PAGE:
Trump Sabotages His Own Mideast Coalition
By Robin Wright
By Robin Wright
Less than three weeks ago, on his first trip abroad as President, Donald Trump greeted the young Emir of Qatar, Tamim bin Hamad al-Thani, who was swathed in white robes and headdress, with effusive warmth. “We’ve been friends now for a long time, haven’t we?” Trump said. “Our relationship is extremely good.” The President announced that the two leaders would discuss “the purchase of lots of beautiful military equipment, because nobody makes it like the United States. First, that means jobs,” he said, adding, “It also means, frankly, great security back here” in the Gulf. The same day, at the summit in Riyadh, Trump warmly welcomed Qatar into his new coalition of conservative Sunni regimes, designed to confront Islamic extremism and contain Iran.
On Tuesday, in a series of startling and undiplomatic tweets, Trump threw the leader of oil-rich Qatar under the diplomatic bus. Trump’s stunning flip-flop came a day after a toxic split in the Arab world—the biggest in years—as Saudi Arabia led six countries to sever diplomatic and commercial relations with neighboring Qatar.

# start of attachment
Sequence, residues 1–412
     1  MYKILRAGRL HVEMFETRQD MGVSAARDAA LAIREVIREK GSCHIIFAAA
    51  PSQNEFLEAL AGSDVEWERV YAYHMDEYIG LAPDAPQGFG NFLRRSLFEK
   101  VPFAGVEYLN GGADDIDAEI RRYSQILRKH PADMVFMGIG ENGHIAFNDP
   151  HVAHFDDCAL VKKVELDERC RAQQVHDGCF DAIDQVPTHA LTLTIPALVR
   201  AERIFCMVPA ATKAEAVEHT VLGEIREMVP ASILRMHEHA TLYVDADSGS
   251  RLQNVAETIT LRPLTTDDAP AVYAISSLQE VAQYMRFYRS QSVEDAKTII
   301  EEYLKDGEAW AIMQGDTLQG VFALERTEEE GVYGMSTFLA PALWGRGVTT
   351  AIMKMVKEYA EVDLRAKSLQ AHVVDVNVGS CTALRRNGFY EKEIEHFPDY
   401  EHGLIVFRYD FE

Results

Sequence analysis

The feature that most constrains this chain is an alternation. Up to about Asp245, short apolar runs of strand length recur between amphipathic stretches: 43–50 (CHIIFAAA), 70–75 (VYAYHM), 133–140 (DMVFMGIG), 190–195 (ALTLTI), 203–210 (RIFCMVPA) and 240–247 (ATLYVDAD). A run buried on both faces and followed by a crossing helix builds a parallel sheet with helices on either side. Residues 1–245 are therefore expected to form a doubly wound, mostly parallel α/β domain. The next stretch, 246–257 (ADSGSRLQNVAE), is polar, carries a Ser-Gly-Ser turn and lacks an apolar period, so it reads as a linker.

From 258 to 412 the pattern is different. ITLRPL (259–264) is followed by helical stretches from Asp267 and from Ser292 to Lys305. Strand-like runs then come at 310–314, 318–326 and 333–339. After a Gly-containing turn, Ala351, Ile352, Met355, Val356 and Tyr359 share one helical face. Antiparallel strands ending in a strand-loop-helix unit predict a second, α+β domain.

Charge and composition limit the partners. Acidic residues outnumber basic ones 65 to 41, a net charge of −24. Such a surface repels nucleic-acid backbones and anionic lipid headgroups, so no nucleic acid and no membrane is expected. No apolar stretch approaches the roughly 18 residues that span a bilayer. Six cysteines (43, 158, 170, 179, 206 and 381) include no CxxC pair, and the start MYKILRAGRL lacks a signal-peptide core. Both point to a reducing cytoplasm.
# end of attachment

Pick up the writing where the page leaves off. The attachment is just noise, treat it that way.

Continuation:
“During my recent trip to the Middle East I stated that there can no longer be funding of Radical Ideology. Leaders pointed to Qatar – look!” the President tweeted after the Saudi announcement. He not only took sides in an intra-Arab dispute; he sabotaged the cohesion of his own new Sunni coalition—which he touted just last month as an unprecedented foreign-policy success. Read on....